From the


December 2, 2001

What They Were Thinking


Bean Dolton and Chris Arno, Portland, Ore., Nov. 9, 2001

Bean Dolton (left): ''We live in Camp Dignity with about 60 to 80 other people. It's a tent city. I don't really call it 'homeless.' I call it 'houseless.' We have an address and a phone number. I got kicked out of my mother's house because I'm gay. Chris said she'd had it, too, and ever since then, we've just been surviving. Yeah, I feel like I'm living in poverty, but we don't have monthly bills to pay. That day the eggs from our cooler were frozen -- that's how cold it's been out here. I'm full-blooded Inuit. It's taken me 17 years to get my papers together to enroll in the tribe. They'll pay for housing if you have your papers. And college, too. That's what I'm planning. I want to be a paralegal or one of those people at 1-800 numbers -- you know, those people who do legal fieldwork, who refer people to cases. I could have gone to work in Alaska this summer, but I slept through the interview. I don't want to lose another opportunity.''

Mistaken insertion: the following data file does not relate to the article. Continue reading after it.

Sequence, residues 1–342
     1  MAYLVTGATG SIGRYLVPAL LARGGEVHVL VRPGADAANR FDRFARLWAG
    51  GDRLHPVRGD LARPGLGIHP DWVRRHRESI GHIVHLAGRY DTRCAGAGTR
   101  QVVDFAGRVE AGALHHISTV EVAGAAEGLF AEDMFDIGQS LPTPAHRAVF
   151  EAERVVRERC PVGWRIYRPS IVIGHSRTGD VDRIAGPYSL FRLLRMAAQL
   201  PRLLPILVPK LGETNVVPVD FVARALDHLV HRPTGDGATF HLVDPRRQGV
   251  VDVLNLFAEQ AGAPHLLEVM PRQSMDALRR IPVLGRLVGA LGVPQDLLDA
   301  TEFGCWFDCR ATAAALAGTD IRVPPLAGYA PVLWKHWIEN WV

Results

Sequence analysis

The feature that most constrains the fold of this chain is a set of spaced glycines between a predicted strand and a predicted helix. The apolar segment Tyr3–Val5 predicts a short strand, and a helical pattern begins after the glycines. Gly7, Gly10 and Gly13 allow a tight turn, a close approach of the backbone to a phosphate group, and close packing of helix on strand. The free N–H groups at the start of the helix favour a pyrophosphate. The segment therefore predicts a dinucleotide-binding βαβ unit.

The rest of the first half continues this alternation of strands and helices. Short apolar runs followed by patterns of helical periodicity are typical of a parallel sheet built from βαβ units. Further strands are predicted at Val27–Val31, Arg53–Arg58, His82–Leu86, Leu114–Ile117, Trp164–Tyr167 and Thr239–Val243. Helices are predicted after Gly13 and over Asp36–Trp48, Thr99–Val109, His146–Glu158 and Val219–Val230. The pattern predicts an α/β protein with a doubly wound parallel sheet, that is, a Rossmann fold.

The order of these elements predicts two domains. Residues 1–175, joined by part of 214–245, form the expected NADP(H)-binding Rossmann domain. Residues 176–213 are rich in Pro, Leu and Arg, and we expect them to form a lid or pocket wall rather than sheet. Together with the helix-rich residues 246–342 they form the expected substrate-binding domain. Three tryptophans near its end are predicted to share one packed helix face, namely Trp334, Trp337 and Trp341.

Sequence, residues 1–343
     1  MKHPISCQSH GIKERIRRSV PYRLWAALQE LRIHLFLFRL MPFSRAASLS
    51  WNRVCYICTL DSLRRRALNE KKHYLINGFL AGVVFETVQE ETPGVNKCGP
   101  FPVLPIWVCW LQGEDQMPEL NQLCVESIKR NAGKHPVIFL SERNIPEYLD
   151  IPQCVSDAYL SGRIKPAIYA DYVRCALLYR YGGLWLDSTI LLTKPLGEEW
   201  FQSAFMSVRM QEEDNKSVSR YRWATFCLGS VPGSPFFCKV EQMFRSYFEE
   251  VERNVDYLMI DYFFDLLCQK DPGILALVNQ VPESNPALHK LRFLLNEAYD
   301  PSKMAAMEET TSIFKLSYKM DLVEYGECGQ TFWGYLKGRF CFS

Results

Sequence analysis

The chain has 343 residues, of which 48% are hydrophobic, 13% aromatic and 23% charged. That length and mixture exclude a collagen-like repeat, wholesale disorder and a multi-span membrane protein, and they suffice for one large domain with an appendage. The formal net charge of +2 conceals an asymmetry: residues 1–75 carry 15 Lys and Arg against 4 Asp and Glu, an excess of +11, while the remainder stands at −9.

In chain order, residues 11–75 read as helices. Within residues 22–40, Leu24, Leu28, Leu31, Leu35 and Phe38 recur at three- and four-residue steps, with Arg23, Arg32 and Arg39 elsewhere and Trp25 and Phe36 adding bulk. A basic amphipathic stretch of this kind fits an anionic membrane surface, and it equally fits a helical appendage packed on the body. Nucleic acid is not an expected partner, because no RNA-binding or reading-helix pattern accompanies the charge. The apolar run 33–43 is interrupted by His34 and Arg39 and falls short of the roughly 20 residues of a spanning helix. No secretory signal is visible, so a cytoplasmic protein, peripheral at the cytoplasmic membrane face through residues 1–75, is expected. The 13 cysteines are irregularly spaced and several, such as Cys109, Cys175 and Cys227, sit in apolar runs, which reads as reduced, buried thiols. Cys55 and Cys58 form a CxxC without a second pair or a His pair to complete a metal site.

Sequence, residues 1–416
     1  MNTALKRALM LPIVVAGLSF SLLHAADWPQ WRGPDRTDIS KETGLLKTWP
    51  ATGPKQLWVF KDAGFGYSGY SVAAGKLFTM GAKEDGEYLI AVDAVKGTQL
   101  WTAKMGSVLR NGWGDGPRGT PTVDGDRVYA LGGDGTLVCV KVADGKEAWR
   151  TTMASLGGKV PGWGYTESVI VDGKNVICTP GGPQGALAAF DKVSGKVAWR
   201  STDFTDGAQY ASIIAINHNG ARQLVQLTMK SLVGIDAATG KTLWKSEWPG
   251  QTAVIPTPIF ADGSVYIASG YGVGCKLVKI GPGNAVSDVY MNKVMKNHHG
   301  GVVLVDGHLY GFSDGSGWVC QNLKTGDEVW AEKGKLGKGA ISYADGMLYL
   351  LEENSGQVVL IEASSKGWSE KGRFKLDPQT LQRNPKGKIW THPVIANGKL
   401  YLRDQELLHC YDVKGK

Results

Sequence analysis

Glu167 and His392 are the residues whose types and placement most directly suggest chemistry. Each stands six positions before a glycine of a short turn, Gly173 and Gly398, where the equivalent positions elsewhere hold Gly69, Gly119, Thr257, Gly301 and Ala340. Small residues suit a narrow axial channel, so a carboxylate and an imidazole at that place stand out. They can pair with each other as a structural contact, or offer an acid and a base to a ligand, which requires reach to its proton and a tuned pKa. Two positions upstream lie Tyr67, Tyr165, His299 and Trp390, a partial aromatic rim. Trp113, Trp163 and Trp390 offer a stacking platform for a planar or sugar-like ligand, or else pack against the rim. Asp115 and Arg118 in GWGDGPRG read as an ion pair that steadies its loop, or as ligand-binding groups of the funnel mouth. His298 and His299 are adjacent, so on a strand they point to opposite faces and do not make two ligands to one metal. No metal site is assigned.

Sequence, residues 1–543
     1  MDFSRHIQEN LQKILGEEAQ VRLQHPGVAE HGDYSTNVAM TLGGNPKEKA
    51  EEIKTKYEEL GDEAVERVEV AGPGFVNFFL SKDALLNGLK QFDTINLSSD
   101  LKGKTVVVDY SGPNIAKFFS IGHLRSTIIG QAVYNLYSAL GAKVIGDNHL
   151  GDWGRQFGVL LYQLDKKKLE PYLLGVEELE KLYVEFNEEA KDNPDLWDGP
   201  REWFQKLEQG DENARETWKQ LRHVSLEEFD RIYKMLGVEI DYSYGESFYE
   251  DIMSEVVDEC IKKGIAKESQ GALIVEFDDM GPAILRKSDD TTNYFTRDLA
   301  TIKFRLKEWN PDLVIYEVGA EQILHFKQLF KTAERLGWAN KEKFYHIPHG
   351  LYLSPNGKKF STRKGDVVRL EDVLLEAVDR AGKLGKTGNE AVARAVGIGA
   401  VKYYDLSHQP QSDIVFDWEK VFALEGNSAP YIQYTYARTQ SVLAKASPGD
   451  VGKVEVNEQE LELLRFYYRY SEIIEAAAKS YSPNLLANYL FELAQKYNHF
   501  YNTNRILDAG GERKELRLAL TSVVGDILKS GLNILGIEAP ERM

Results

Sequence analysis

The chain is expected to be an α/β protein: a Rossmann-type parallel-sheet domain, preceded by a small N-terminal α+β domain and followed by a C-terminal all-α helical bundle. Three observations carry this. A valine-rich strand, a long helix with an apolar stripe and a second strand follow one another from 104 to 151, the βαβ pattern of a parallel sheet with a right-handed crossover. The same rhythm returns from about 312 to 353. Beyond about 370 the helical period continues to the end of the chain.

Chris Arno (right): ''When both our parents kicked us out, a friend told us to stay at Dignity. They said it's warmer than staying on the streets. Our tent gets wet on the floor, and it gets cold at night. And I'm a little bit worried about the winter, since we are right by the Columbia River. But I'm pretty happy because we have a place to come home to. It's safe out here because we look out for each other. We should be getting out of here soon. We both have jobs now -- Bean at the Gap, and I start at the Giving Tree for the Salvation Army tomorrow. I've seen some of the refugee camps on TV. It's like Camp Dignity, the way they set up the tents and everything. But we're not starving. I feel lucky. I've got my girl, Bean.''

interviews by Catherine Saint Louis